- Page 1 Sony Ericsson Xperia Active Review
- Page 2 Software & Verdict Review
Spend just a few minutes with Timescape and again the Active’s healthy focus resurfaces. Preloaded applications include WalkMate, a pedometer, and iMapMyFITNESS which tracks nutrition, workouts, running routes and will even connect to compatible heart rate monitors. Yes these apps can be attained on other devices through the Android Market or the Apple App Store, but they are thoughtful additions and their ubiquity (which includes a centralised home online home) simply makes them easier to use from multiple sources.
The Active’s focused attention also sees nice little extras such as its LED notifications which can be tied into these fitness apps to visually alert you when completing set goals. Another are the bundled MH650 earphones which use their single button mic to make/end calls, stop/start music and double click to skip tracks. None of this is rocket science, but for bundled earphones they produce reasonable sound quality with decent bass to compliment this handy functionality. Meanwhile a bulge on the bottom of the Active lets you attach a bundled rubber lanyard, useful if you plan to use it in such extreme situations as in the video below.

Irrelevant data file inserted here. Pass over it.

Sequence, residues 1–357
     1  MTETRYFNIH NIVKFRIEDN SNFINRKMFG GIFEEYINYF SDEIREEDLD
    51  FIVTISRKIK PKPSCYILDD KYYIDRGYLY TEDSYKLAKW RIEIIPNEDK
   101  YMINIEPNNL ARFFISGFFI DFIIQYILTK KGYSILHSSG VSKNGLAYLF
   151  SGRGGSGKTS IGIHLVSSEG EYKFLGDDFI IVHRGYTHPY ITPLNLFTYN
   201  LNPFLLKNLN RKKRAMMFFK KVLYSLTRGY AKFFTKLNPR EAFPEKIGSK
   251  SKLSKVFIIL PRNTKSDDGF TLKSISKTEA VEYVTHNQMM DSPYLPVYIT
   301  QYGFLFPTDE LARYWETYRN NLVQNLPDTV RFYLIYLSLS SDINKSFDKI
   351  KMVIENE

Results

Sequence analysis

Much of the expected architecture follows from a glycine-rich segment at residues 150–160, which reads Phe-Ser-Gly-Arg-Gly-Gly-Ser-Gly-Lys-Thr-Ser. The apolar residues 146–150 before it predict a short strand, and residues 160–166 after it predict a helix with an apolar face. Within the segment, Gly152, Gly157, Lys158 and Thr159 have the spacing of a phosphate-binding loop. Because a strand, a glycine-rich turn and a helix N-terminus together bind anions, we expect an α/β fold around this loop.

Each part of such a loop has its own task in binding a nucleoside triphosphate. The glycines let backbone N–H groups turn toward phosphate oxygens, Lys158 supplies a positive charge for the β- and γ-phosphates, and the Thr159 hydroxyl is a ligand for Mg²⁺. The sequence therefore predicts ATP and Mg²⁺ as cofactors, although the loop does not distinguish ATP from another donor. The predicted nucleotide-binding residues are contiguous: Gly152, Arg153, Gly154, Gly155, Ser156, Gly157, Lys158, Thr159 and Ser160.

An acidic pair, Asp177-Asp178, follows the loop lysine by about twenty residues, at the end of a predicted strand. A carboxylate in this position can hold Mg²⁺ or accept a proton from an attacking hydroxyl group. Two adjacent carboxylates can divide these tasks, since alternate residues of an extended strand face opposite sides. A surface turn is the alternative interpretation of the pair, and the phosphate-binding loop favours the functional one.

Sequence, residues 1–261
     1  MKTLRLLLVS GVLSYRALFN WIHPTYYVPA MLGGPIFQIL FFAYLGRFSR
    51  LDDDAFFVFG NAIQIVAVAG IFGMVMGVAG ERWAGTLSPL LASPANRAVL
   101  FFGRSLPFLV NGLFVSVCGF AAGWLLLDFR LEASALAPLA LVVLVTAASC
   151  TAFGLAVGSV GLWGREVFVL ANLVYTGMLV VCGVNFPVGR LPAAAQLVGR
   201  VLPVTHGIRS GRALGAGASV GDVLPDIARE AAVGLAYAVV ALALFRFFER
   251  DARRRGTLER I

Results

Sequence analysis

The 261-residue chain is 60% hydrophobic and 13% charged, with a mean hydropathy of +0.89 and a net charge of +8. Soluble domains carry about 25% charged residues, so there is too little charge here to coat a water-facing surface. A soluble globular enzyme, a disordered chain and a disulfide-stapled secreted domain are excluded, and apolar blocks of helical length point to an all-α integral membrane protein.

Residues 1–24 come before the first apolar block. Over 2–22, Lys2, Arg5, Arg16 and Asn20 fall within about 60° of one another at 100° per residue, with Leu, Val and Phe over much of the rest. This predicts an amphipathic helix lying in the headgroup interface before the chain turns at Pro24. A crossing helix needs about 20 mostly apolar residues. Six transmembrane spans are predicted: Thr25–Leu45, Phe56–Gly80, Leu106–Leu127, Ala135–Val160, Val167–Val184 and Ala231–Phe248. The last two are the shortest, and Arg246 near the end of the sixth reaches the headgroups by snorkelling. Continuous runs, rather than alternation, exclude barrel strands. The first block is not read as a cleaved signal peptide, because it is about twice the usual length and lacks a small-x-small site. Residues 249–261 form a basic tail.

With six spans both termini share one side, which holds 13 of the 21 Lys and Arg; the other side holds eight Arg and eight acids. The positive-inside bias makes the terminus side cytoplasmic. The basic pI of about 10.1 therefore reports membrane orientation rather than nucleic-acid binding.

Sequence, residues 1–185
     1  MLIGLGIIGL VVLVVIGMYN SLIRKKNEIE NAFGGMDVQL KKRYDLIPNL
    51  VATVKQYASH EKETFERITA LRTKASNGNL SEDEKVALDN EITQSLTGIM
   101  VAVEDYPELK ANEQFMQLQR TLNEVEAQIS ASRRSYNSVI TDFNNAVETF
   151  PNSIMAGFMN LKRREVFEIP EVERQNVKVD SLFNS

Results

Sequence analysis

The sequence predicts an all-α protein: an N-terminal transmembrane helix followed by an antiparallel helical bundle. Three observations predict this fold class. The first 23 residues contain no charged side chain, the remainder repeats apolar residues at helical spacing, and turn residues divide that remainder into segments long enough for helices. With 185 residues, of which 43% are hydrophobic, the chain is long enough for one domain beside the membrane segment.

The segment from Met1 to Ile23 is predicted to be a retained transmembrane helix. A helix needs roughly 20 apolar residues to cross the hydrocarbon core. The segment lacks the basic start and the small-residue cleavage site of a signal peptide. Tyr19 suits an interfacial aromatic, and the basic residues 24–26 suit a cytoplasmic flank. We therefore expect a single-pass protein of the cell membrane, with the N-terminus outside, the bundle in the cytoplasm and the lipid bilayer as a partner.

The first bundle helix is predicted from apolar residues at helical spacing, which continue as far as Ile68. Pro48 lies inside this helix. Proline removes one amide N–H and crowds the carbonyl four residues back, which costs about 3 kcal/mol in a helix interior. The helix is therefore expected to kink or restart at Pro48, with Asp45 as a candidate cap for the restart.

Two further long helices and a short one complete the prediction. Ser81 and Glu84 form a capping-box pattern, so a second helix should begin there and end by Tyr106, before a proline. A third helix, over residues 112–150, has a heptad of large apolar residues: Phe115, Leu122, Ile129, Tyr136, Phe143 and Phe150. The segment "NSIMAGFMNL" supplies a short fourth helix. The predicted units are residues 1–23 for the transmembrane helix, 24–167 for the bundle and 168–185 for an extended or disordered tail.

Less impressive is the camera. Sony Ericsson has a strong reputation for its camera phones, but the five megapixel auto focus shooter on the Active is distinctly average. Results are good in perfect conditions, but the LED flash is weak, making photos look dull indoors and noticeably noisy in low light. On the plus side the Active does shoot in 720p HD video and while it isn’t always smooth (notably when panning) it is a cut above what we have come to expect from rugged devices.
What stops the Xperia Active scoring even higher, however, are two significant flaws: call quality and battery life. The former we found muffled, even in areas of good reception, and particularly prone to wind and environmental noise. The latter stems from the relatively low capacity 1,200mAh battery (quoted at 4.5 hours talk time) and Android’s notoriously power hungry requirements. Treat your phone like a phone and it will get you through the day, but use it for its primary purpose (running with the GPS tracking and some motivational music blasting) and you’ll be need to charge it midway through the day.
All of which could be more damaging if it wasn’t for Sony Ericsson’s keen pricing. The Xperia Active retails from just £239.99 SIM-free and for a device that’s likely to last far longer than your average smartphone, that makes it a bargain.
After a number of years in the wilderness, Sony Ericsson (soon just Sony) is finding its feet again. The Xperia Active is a well-made, carefully thought out, specialist smartphone for those who love the outdoors. It is rugged, portable, comes with an excellent bundle including a runner’s armband and has snappy performance which belies its run-of-the-mill specifications. Pricing is also very competitive with only the sizeable caveats of call quality and battery life dragging down an otherwise excellent smartphone. The green shoots of recovery continue.
Score in detail
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